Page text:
Zürichberg Tunnel

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Zürichberg Tunnel
Aerial view of the eastern portal at Stettbach station
LocationZürich, Switzerland
OwnerSwiss Federal Railways
OperatorSwiss Federal Railways
CharacterPassenger and freight
Length4,968 metres (16,299 ft)
No. of tracks2
Track gauge1,435 mm (4 ft 8+12 in)
ElectrifiedOverhead line
15 kV AC 16,7 Hz
Route map

The Zürichberg Tunnel (German: Zürichbergtunnel) is a railway tunnel in the Swiss city of Zürich. The tunnel runs from a junction with the Lake Zürich right bank line at Zürich Stadelhofen station, to Stettbach railway station. It passes under the Zürichberg range of hills that separates Zürich city centre from the Glattal region. The tunnel incorporated a set of underground platforms at Stettbach station, and carries twin standard gauge (1,435 mm or 4 ft 8+12 in) tracks electrified at 15 kV AC 16,7 Hz using overhead line.[1][2][3]

The tunnel is principally used by suburban trains of the Zürich S-Bahn, but occasional use is also made by postal trains, freight trains, and long-distance passenger trains.

The tunnel was opened in 1990 as part of a program of major changes to the railway geography of this part of Zürich. Prior to these changes, Zürich Hauptbahnhof was a west-facing terminal station that required through trains to reverse in its platforms. Trains to and from the Lake Zürich right bank line had to traverse a 5 km (3.1 mi) long 270° curve to reach Stadelhofen station, whilst trains to and from the north and east were forced to use a rather indirect route through Zürich Oerlikon station. To improve these routings and allow the introduction of cross-city S-Bahn trains, the Hirschengraben Tunnel was constructed, taking a 2 km (1.2 mi) long direct route from new low-level platforms at Hauptbahnhof to Stadelhofen. At the same time the Zürichberg Tunnel was constructed from Stadelhofen to Stettbach, where a new station was constructed. To the east of Stettbach new links were constructed, linking to the Zürich to Winterthur line at Dietlikon station, and to the Wallisellen to Rapperswil line at Dübendorf station, thus allowing trains to take a direct route to and from the east and north of Zürich.[1][3]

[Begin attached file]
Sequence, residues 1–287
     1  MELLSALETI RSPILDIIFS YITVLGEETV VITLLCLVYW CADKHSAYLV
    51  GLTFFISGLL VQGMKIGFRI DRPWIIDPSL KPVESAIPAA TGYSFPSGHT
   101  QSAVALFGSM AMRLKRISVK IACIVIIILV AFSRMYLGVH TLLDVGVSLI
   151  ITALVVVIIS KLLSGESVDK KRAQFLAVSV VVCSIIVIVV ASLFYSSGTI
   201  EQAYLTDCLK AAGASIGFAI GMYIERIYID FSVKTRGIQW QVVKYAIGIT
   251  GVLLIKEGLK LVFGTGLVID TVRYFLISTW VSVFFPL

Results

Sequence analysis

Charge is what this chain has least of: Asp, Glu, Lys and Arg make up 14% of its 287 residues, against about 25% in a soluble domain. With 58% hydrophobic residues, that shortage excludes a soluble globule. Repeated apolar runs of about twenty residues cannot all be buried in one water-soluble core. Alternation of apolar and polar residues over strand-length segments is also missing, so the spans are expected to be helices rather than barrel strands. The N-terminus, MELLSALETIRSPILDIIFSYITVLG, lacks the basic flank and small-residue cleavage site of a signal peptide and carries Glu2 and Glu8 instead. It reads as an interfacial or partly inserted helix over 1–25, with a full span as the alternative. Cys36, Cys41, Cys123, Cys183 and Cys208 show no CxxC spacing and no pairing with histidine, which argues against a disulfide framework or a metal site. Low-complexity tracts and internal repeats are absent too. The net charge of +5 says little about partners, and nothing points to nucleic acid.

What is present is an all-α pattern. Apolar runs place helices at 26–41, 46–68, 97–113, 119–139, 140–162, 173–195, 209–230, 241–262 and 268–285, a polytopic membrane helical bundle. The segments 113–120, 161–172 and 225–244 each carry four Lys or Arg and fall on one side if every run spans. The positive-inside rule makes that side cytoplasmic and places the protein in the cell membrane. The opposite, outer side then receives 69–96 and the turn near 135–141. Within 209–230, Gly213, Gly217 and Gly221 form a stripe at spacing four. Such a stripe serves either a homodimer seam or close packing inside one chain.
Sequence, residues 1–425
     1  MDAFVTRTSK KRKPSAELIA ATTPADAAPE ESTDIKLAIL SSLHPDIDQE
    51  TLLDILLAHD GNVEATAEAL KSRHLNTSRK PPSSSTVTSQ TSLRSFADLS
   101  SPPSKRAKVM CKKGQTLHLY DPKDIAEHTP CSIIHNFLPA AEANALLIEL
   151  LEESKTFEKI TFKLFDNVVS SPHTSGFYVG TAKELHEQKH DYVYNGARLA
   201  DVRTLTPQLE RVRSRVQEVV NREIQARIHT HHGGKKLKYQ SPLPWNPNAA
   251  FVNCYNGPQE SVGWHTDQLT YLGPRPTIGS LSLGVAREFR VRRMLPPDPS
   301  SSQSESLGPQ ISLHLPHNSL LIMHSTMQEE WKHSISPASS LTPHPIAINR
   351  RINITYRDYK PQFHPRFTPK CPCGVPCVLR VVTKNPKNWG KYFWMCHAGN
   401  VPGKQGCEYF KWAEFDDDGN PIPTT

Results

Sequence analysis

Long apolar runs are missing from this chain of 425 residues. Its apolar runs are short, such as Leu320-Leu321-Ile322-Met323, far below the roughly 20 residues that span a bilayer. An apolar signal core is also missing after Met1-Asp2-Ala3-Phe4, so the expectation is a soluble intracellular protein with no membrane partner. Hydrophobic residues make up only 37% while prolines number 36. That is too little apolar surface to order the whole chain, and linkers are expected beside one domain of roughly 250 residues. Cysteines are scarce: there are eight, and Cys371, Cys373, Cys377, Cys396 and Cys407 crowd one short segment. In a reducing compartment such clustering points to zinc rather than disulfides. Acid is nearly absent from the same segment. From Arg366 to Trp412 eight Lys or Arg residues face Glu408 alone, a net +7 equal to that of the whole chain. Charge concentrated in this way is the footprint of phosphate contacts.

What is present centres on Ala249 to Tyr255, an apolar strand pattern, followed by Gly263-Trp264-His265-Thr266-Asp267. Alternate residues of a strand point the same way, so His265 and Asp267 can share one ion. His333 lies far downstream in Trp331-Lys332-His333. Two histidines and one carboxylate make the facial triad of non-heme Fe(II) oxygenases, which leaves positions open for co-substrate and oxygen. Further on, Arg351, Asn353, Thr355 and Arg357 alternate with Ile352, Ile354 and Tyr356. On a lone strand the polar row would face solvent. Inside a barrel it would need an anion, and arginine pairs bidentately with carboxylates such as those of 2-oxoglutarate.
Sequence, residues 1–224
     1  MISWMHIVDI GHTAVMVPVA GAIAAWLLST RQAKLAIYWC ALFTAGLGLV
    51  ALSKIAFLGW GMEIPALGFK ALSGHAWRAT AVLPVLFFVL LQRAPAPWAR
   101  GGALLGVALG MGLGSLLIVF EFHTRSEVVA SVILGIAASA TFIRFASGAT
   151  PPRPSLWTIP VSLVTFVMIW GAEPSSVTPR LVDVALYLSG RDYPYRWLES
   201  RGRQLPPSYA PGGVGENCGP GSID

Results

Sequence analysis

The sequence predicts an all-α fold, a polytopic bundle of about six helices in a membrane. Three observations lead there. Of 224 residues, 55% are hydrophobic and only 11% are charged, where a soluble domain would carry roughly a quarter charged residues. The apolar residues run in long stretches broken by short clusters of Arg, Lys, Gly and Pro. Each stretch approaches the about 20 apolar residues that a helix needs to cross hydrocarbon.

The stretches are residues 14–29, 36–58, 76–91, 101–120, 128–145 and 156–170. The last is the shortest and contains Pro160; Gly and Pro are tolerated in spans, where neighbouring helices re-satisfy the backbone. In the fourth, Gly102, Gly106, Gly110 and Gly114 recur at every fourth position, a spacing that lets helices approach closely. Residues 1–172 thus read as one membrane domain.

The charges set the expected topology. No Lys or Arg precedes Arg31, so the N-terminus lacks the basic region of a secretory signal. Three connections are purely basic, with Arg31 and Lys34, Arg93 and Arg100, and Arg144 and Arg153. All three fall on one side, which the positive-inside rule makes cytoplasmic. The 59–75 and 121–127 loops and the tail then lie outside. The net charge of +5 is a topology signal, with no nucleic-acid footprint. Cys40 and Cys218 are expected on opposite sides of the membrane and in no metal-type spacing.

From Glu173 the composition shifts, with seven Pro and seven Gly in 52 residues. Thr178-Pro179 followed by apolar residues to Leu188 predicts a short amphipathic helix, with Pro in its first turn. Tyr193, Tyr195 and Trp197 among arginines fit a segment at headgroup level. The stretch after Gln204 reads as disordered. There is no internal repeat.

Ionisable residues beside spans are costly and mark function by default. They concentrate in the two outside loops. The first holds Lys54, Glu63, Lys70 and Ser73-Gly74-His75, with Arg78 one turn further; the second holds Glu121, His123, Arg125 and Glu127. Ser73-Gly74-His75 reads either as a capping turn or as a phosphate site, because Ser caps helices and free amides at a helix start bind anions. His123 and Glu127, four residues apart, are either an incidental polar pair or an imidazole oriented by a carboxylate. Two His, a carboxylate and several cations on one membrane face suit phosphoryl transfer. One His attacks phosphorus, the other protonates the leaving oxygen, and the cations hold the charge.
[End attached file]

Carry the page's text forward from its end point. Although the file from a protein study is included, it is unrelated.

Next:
In 2014, the routing via Hirschengraben and Zürichberg tunnels was supplemented by the Weinberg Tunnel, which links a further set of low-level platforms at Hauptbahnhof via an eastbound route to Oerlikon station, as part of the Durchmesserlinie Zürich. Unlike its 1990 equivalent, this routing is intended for use by long distance passenger trains as well as the S-Bahn.[4]


  1. ^ a b Eisenbahnatlas Schweiz. Verlag Schweers + Wall GmbH. 2012. pp. 64–65. ISBN 978-3-89494-130-7.
  2. ^ map.geo.admin.ch (Map). Swiss Confederation. Retrieved 2015-04-01.
  3. ^ a b "Zürichbergtunnel (Zürich, 1990)". structurae.net. Retrieved 2015-04-01.
  4. ^ Haydock, David (August 2014). "Zürich's New S-Bahn Tunnel". Today's Railways Europe (224). Platform 5 Publishing Ltd. pp. 28–32.

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